Sunday, August 16, 2015

On Amusement Parks and the GP

Jaiman and I recently went on amazing road trip around the country, primarily visiting amusement parks to ride the best roller coasters the country has to offer.  The trip was inspired by the amazing deal I got on annual passes for Six Flags, which I happened to know were good at all the parks.  In fact, the deal that I got also included free parking at the other parks, which normally is not included.  Jaiman is the roller coaster enthusiast, and I enjoy a good ride, and I know he is thankful that I indulge his passion as much as I do.  I made sure to also build in some things for me on the trip, including four life list activities, a couple extravagant hotel rooms, visits with friends, amazing food and a visit to a favorite brewery.  By the end of the trip, we had visited five Six Flags parks, (two of which I had previously visited, Jaiman had previously visited one other one, and two were completely new for both of us), Hersheypark which was new for both of us and Busch Gardens which I had visited only when I was very young.  We bypassed Cedar Point, since we had done a thorough job of visiting the year prior, and Carowinds was a late possible addition that never made it into the final itinerary.  We also avoided going to Florida because we felt the number of parks there merits its own trip. 

On the GP

So we hit 7 amusement parks, and at pretty much every single one of them, we had to witness and endure the utter painfulness that is the general public.  GP, as we call them, are people who act up and throw fits or make a scene about things like rules that are clearly stated.  If you can't fit into the seat and be secured, you can't ride, things like that.  It got so bad, even early on, we would recognize when we were being held up by some idiot guest arguing with the ride operators about something, and we'd say things like, "Are we getting GP'd again?"  To be GP'd is to be severely delayed because somebody wants to take their phone on the ride with them, holding it in their hands, for example.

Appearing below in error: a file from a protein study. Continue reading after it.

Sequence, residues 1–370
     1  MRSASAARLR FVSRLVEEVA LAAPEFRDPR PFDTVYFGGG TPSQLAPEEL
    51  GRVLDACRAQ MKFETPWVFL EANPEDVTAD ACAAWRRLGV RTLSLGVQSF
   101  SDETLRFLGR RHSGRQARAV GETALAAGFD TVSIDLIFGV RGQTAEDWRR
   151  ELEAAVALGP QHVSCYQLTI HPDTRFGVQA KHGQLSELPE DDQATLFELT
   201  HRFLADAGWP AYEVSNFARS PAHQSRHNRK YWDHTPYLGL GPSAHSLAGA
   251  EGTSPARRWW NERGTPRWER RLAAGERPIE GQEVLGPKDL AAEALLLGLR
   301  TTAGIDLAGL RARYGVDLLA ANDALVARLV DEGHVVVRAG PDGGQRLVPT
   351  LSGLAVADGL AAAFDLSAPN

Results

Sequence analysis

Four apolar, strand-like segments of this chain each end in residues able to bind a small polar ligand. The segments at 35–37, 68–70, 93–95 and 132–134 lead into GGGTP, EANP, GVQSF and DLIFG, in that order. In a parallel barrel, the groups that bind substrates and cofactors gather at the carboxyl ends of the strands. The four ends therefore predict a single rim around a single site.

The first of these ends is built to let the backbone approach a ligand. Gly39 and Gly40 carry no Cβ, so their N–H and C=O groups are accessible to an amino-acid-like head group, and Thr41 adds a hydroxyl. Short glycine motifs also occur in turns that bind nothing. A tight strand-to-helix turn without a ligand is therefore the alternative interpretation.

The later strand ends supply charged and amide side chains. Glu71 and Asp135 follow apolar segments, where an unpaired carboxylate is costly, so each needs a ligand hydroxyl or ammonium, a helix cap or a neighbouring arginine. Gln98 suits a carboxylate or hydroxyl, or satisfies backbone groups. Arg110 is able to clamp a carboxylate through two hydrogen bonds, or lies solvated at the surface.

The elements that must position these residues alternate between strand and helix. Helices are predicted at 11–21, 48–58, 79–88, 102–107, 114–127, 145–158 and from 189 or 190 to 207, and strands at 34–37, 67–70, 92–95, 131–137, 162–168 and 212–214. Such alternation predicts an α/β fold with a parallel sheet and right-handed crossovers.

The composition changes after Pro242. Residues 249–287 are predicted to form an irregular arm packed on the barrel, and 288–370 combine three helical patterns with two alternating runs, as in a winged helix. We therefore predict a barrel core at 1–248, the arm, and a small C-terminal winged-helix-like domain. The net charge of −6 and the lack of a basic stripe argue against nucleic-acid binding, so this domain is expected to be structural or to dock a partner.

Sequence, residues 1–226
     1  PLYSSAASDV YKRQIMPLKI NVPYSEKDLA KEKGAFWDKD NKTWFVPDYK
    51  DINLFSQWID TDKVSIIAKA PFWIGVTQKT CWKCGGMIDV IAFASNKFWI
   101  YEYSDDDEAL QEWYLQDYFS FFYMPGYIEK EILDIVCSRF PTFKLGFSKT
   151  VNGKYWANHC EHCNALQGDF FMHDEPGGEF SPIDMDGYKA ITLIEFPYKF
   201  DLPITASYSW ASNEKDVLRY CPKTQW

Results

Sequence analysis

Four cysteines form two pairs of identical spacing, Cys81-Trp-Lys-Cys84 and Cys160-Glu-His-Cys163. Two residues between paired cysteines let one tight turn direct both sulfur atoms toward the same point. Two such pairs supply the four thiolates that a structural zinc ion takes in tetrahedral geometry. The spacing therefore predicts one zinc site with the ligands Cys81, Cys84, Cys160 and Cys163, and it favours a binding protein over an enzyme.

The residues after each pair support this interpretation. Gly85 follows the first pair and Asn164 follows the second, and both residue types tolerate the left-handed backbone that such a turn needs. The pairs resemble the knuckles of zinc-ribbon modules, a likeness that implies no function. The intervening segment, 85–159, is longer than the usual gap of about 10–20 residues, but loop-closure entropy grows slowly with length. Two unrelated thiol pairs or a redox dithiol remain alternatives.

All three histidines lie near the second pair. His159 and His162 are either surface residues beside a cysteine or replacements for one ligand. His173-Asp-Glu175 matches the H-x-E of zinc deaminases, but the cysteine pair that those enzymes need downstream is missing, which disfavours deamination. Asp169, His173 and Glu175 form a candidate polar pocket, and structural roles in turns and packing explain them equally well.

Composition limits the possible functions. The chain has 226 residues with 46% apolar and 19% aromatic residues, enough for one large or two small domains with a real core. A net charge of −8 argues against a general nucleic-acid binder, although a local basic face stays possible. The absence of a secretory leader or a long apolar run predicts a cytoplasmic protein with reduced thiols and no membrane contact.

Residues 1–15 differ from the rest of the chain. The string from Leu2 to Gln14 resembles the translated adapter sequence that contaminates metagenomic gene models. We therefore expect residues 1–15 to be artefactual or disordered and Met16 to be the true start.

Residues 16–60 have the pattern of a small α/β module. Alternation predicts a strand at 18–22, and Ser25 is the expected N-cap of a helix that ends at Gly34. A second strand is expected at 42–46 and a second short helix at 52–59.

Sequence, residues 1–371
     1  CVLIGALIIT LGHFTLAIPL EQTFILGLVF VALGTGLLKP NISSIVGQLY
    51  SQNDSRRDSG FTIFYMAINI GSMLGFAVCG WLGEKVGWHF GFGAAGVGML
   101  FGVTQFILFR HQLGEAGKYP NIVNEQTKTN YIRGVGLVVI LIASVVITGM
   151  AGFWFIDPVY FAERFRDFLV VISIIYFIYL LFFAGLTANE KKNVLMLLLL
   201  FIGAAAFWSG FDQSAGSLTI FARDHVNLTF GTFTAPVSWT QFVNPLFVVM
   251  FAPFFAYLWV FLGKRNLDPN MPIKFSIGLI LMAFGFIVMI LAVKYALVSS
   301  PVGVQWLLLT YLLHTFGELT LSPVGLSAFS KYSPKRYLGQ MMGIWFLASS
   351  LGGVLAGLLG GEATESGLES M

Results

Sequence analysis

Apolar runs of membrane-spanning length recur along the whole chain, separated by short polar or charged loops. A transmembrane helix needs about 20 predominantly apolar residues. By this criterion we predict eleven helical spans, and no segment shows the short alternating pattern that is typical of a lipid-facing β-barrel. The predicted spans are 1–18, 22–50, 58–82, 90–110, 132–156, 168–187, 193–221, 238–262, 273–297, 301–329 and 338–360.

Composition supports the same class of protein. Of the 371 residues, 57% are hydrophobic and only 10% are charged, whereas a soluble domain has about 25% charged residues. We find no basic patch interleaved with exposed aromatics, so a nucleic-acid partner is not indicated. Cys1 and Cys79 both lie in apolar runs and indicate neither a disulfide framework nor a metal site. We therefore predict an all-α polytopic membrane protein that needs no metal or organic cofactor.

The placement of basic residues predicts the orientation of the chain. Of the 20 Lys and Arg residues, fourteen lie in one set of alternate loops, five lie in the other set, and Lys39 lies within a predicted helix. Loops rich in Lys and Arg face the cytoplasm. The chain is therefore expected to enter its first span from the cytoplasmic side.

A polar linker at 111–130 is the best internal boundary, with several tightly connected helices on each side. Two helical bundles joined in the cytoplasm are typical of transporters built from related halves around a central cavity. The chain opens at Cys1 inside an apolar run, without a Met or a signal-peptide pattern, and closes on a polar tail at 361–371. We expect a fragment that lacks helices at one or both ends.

We saw a group of what one might describe as gangstas give all their loose articles to one member of the group who put it in his bag.  These guys were already loud and obnoxious, so it was easy to judge them right off the bat.  I knew, because I had been stopped at the ride line entrance, that bags were not allowed, and that they had to be placed in a locker prior to getting in line or left with a non-rider.  My bag was in a locker.  I don't know how this guy got up to the front of the line with a bag; my only guess is that he said he wasn't going to ride, and so the attendant probably would have let him through.  So here he was, close to the front of the line, when an attendant pointed out that he could not ride with the bag and the bag could not be left on the dock.  He argued for a few moments, then seemed to understand that he wasn't going to get his way, and exited back through the line as if he was going to comply.  When his friends were boarding, they kept calling for him, "Ti-dooooo!"  So already, Jaiman and I know we're being GP'd because these guys are moving much slower than one should when boarding a roller coaster.  They're dragging their feet and taking their sweet time.  Out of nowhere, Tido appears from behind us, bag still in hand, jumps the restricted area gate and approaches the train.  The attendant stays calm, but firm, and shoves the restraining device closed on the seat that Tido was aiming to get into.  Now the scene really ensues, with him arguing and of course, because he's on the platform, they cannot proceed until he is gone.  A young lady next to me doesn't quite grasp the situation, but was trying to move this whole thing along, and offered to hold the bag for him.  The attendant points out that that young lady, who has also probably been waiting for over an hour, would then not be permitted to ride because the next train would be a different one.  So she backs down on her offer.  More arguing ensues and the attendant finally coaxed him off the platform.  Security is called and has a chat with him while the ride operations continue.  To my dismay, he was allowed to stay in the park.  This is despite the signage everywhere that clearly states line jumping alone is cause for dismal from the park with no refund, and of course, violating rules or disobeying ride operators is also in that category.  This guy broke the rules, jumped into an unrestricted area, argued with the ride operator, slowed operations down, delayed the ride of everyone waiting; any one of those offenses should be enough to eject him, but he was allowed to stay.